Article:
| nailed it | Do You Know What Chemicals Are Lurking in Your Nail Polish?

0142f4a91376f433a6cf50f5cd449a5252ca172e49Like many of the feminine persuasion, I’m a sucker for a good mani/pedi. Unfortunately, nail polish is often filled to the brim with harsh chemicals — boo, sad face, etc., etc.

The big three chemical culprits in nail polish are Toluene, Dibutyl Phthalate (DBP) and Formaldehyde. Toluene is toxic to the nervous system. Inhalation of toluene can cause tiredness, confusion, weakness, memory loss, nausea, loss of appetite, hearing loss and has been linked to malignant lymphoma among other things. DBP is a suspected teratogen and endocrine disruptor, meaning it is harmful to the reproductive system. Formaldehyde is a known carcinogen, i.e. it can cause cancer. High levels of exposure can also lead to respiratory problems, skin conditions, and inflammation of mucus membranes.

Formaldehyde Resin and Camphor are other problematic chemicals. A derivative of formaldehyde, formaldehyde resin is not as toxic, but is still an allergen. And in rare cases when camphor is applied to the skin, it can cause liver damage.

Some argued that the average person (nail technicians aside) would inhale so little of these chemicals that the chances of them causing harm would be slim, but then in 2015, a study from Duke University and the Environmental Working Group made a disturbing finding. To top off all of the chemicals we may inhale when gettin’ our nails did, the study found that women who painted their nails with nail products that contained the chemical triphenyl phosphate (TPHP) had a metabolite of the chemical actually in their bodies 10 to 14 hours afterwards. TPHP is another endocrine disruptor, so exposure has been known to cause reproductive and developmental problems.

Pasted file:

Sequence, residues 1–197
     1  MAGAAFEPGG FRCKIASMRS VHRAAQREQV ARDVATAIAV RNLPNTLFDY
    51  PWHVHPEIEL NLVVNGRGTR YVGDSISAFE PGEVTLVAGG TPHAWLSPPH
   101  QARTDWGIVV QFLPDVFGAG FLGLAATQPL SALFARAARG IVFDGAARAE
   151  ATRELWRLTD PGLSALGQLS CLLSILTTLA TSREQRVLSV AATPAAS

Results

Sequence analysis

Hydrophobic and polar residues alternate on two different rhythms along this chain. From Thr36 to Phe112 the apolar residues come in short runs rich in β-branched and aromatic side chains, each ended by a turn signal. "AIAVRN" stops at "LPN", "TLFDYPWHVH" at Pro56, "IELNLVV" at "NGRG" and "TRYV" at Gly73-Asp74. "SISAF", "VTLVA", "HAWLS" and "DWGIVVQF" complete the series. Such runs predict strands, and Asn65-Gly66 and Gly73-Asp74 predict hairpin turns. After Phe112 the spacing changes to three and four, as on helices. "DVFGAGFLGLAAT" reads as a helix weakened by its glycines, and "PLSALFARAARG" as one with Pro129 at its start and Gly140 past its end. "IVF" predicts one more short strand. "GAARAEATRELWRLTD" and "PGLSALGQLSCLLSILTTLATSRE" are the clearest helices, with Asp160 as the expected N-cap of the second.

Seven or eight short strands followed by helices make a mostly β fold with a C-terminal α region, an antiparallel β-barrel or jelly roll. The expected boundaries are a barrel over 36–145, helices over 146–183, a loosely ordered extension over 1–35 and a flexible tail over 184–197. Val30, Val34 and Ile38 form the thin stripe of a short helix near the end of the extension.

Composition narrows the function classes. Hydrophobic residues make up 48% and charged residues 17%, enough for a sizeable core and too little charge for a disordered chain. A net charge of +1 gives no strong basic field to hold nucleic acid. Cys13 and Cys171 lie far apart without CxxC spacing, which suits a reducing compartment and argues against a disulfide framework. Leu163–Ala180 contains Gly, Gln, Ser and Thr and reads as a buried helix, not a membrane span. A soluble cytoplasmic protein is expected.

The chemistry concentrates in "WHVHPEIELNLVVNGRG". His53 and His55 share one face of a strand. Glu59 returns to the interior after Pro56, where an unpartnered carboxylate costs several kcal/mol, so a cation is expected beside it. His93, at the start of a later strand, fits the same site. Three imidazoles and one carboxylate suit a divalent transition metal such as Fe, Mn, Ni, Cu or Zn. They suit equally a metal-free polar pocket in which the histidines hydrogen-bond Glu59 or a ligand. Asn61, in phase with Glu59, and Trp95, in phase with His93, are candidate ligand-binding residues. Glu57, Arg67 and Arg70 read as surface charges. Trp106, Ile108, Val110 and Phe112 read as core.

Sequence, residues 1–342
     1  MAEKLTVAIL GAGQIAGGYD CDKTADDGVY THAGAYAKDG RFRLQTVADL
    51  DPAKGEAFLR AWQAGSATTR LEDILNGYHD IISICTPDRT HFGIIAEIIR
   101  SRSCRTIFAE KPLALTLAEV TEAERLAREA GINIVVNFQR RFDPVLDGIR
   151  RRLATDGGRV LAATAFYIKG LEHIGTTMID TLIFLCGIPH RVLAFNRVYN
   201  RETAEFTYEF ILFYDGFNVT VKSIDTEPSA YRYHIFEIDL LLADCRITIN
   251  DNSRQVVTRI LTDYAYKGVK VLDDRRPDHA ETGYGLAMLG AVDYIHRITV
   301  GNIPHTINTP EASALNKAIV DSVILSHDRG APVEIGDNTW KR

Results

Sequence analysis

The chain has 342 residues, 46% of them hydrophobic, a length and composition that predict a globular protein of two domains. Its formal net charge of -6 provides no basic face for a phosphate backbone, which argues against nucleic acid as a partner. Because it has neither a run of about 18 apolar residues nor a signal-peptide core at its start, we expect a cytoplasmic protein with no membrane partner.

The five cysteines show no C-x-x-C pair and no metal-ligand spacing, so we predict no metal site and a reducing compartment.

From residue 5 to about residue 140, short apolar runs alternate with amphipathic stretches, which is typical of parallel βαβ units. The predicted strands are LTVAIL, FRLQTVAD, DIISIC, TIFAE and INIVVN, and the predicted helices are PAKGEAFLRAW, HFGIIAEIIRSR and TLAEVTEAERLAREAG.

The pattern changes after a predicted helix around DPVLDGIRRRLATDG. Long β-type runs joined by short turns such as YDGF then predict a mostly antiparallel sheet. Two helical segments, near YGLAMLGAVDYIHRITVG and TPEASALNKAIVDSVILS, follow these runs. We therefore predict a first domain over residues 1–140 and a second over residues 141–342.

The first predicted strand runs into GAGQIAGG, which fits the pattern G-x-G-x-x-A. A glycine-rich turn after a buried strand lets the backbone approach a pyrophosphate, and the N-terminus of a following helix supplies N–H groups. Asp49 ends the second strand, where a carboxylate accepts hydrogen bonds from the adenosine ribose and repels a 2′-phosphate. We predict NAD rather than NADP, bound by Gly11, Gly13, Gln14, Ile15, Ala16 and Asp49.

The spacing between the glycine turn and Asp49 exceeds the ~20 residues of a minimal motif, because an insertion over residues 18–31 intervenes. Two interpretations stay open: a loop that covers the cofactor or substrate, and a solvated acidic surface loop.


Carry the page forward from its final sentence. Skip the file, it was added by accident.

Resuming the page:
Lucky for us, we do have options that don’t contain all the bad stuff. There are many companies out there now that have polishes that don’t use these chemicals and don’t sacrifice great colors or good quality. You’ll typically find 3-free and 5-free options. Three-free polishes don’t have toluene, DBP or formaldehyde, while 5-free add formaldehyde resin and camphor to the chemicals omitted.

A personal fave of mine is Butter London. A bottle will run you $10-$15. Butter London was one of the first to coin the phrase 3-free, but has since continued to evolve. They continue to innovate their better-for-you formulas and today they boast a 8-free polish which doesn’t include ethyl tosylamide, xylene or TPHP in addition to what the 5-free excludes. Plus, they have an amaaaazing selection of colors and quality is top notch.

Zoya, which runs about $10 a bottle, is another good option. Its polishes are 5-free and in addition to the official Zoya site, the brand can also be found at Ulta, and is an option found at a lot of salons.

Another 5-free option is RGB. At $9 a bottle, all RGB products, formulas, and packaging are produced under fair trade conditions, are cruelty free (to animals and humans), gluten free, paraben free, and vegan.

Last but not least, for a little bit more high-end, look no further than LVX. LVX is a 7-free formula (no Xylene & Parabens), it’s vegan, cruelty free and made in the USA. At $18 a pop, LVX can claim to be a bit more fashion forward — boasting collaborations with the likes of Mara Hoffman, Tadashi Shoji, Tracy Reese and more, as well as creating exclusive shades for Fashion Week runway presentations.

LVX also makes a natural nail color remover for when you want to make like banana and split with that nail color without the harsh/toxic acetone that’s in a lot of formulas out there. For $20, you get 12 nail color remover pads that also contain pure jojoba oil, vitamins A, C and E, meant to nourish and strengthen nails and cuticles all while removing nail lacquer. Karma Organics Soybean Oil and Tea Tree Oil Nail Polish Remover is another less toxic, vegan and cruelty option for only $12.

Happy painting!

Any great clean nail polishes that I missed?



Leave a Reply

Fill in your details below or click an icon to log in:

WordPress.com Logo

You are commenting using your WordPress.com account. Log Out /  Change )

Google+ photo

You are commenting using your Google+ account. Log Out /  Change )

Twitter picture

You are commenting using your Twitter account. Log Out /  Change )

Facebook photo

You are commenting using your Facebook account. Log Out /  Change )


Connecting to %s